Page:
Here, only pre-treatment with the JNK MAPK inhibitor SP600125 but not the p42/44 MAPK inhibitor U0126 or the p38 MAPK inhibitor SB202190 dose-dependently resulted in a partial inhibition of the rFlaA:Betv1-induced Warburg effect (by 23.5% for the highest concentration of 25 µM SP600125), glucose consumption, and metabolic rate (Figure 4). Pre-treatment with SP600125 also inhibited rFlaA:Betv1-induced IL-10, IL-6, and TNF-α production, while enhancing both IL-1β and IL-12p70 production (Figure 5).
The MEK1/2 inhibitor U0126 dose-dependently suppressed rFlaA:Betv1-induced IL-10, IL-1β, and IL-6 secretion while having no effect on IL-12p70 and TNF-α secretion (Figure 5). Finally, the p38α/β MAPK inhibitor SB202190 dose-dependently inhibited FlaA:Betv1-induced IL-10 and TNF-α secretion, and boosted rFlaA:Betv1-induced IL-1β, as well as IL-6 and IL-12p70 secretion in the lower concentration range (Figure 5).
Taken together, these data provide evidence that MAPK-signaling contributes to the induction of both pro- and anti-inflammatory cytokine secretion by rFlaA:Betv1 while only JNK MAPK-signaling is involved in rFlaA:Betv1-mediated activation of mDC metabolism.
In line with these results, supporting a contribution of both NFκB- and MAPK-signaling to rFlaA:Betv1-mediated mDC activation, stimulation of mDCs with rFlaA:Betv1, but not with rFlaA + rBet v 1, resulted in an increased phosphorylation of p38 MAPK, p42/44 MAPK, SAP/JNK, NFκB p65, and IκBα as well as reduced levels of non-phosphorylated IκBα (Figure 6).
Here, pre-treatment with triptolide slightly increased SAP/JNK and NFκB phosphorylation and inhibited IκBα phosphorylation, but otherwise did not alter rFlaA:Betv1-induced MAPK-phosphorylation, while phosphorylation of p42/44 and SAP/JNK MAPKs and IκBα phosphorylation was slightly enhanced by pre-treatment with SB202190 (Figure 6). U0126 selectively abrogated p42/44 MAPK phosphorylation, while dexamethason selectively inhibited rFlaA:Betv1-induced p38 MAPK and SAP/JNK phosphorylation (Figure 6).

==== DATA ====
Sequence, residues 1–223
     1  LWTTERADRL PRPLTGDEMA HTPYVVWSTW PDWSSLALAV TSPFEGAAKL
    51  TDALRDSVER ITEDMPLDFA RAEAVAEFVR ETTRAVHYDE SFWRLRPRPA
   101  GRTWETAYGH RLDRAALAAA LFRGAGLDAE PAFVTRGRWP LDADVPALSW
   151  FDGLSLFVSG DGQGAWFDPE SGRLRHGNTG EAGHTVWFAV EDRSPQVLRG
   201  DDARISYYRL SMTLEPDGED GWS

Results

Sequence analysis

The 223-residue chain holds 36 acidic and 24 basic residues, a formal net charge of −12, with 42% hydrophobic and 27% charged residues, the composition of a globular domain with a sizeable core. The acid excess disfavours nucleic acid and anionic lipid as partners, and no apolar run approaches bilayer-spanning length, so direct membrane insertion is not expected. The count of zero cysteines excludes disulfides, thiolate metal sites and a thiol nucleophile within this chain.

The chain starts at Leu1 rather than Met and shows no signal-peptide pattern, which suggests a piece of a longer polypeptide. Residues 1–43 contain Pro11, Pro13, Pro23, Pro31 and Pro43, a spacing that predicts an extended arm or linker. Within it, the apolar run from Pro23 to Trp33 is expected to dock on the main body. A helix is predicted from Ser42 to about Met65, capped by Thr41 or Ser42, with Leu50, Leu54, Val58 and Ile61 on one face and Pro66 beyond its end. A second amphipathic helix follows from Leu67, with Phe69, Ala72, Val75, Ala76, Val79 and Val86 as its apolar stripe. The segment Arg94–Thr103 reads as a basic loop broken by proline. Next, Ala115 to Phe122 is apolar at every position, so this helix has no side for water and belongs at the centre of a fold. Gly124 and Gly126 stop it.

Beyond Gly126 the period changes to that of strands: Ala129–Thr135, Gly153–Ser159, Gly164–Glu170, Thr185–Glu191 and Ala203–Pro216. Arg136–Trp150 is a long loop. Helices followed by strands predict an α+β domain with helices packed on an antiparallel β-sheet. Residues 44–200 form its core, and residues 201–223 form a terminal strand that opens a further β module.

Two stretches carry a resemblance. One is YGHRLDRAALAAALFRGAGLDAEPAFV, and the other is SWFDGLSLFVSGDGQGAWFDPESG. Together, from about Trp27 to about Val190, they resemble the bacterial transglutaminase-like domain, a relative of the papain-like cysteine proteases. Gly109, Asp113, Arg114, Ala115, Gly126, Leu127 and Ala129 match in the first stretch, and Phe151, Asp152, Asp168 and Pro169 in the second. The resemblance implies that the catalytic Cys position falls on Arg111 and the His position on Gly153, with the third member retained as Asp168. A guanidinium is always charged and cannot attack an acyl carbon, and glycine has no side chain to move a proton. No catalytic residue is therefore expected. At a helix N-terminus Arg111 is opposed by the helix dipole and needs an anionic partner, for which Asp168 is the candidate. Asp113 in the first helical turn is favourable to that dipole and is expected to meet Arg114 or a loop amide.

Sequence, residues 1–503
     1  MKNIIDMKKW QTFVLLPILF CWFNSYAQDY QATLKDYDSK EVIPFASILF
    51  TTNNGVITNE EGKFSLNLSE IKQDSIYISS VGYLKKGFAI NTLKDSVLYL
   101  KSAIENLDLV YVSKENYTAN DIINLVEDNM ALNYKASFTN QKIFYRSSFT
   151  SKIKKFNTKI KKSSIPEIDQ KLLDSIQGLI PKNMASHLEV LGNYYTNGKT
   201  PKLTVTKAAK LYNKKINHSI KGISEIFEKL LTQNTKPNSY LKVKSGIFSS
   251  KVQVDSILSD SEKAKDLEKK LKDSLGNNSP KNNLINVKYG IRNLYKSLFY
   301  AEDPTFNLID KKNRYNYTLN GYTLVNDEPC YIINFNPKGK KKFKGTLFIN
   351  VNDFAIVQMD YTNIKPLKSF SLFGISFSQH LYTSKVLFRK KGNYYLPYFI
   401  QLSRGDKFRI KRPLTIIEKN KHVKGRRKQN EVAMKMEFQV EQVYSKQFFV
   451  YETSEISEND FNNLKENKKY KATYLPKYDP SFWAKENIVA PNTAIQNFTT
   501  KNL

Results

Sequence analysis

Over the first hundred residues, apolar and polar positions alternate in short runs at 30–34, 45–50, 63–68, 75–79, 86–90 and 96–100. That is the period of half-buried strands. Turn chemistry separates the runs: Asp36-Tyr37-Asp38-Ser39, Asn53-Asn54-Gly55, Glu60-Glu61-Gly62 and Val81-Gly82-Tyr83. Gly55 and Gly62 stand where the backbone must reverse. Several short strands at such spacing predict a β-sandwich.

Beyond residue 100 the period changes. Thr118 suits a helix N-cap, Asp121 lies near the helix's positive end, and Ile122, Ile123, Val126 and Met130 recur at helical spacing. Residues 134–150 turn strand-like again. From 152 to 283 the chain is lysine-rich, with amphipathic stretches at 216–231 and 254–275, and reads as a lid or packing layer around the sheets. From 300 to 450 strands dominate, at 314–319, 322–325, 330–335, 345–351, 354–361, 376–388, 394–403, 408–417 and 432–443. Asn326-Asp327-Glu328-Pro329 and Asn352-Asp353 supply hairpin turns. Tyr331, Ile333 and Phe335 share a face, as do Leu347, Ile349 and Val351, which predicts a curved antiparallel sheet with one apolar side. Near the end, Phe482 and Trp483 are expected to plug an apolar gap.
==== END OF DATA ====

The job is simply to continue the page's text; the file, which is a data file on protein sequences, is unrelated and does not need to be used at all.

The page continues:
Of the tested IκBα inhibitors only BMS-345541 pre-treatment reduced NFκBp65 phosphorylation while both BMS-345541 and TPCA-1 reduced p42/44 phosphorylation (Figure 6). Here, neither BMS-345541 nor TPCA-1 had any effect on rFlaA:Betv1-induced SAP/JNK and p38 phosphorylation (Figure 6). As expected, SP600125 pre-treatment abrogated rFlaA:Betv1-induced SAP/JNK phosphorylation while also reducing the phosphorylation of p38, p42/44, NFBp65, and IκBα (Figure 6). Of the tested inhibitors only SP600125 was sufficient to suppress rFlaA:Betv1-induced p70 S6 kinase phosphorylation (Figure 6).

4. Discussion

Fusion proteins containing the TLR5-ligand flagellin and different antigens have been repeatedly shown to be effective vaccines boosting immune responses against fused and otherwise often poorly immunogenic antigens [12,13,14,15,16,17,18,20,23]. Despite this combination of clinical efficacy and safety, the mechanisms by which such fusion proteins modulate immune responses are less well understood.
Therefore, the aim of the present study was to characterize the signaling pathways contributing to the induction of pro- and anti-inflammatory cytokine secretion in mDCs stimulated with flagellin: antigen fusion proteins and their contribution to the observed activation of mDC metabolism.
We recently reported the mechanism of IL-10 induction by a fusion protein consisting of flagellin A from Listeria monocytogenes and the major birch pollen allergen Bet v 1 (rFlaA:Betv1) [22]: We observed, that stimulation of mDCs with rFlaA:Betv1, but not the mixture of rFlaA + rBet v 1, resulted in a TLR5-independent but MyD88-dependent activation of the mTOR complex. This activation of mTOR was likely mediated by the PIP3-mediated activation of protein kinase B (Akt) removing tuberous sclerosis-1/2 complex (TSC-1/2)-mediated suppression of mTOR activation (Figure 7). rFlaA:Betv1-mediated mTOR activation resulted in rapamycin-sensitive phosphorylation of the downstream p70 S6 kinase, activation of mDC metabolism, and production of the immunosuppressive cytokine IL-10 (Figure 7) [22]. However, the signaling pathways contributing to pro-inflammatory cytokine secretion induced by the fusion protein remained unclear.
Experiments using inhibitors of both MAPK- and NFκB-signaling (toxic effects of the used inhibitors were excluded by viability staining, Repository Figure S1) revealed that both signaling pathways contribute to cytokine secretion induced by the fusion protein. Our data support the hypothesis, that in mDCs rFlaA:Betv1 triggers a classical MyD88-dependent, IRAK1/IRAK4/TRAF6/TAK1-mediated activation of MAP kinase signaling (Figure 7). Indeed, Western Blot analysis confirmed the activation of SAP/JNK, p38, and p42/p44 MAPK upon stimulation of mDCs with rFlaA:Betv1 likely resulting in the subsequent production of pro-inflammatory cytokines via p42/44/ribosomal S6 kinase (RSK)-mediated activation of the transcription factors activator protein 1 (AP1) and cAMP response-binding element (CREB) (Figure 7).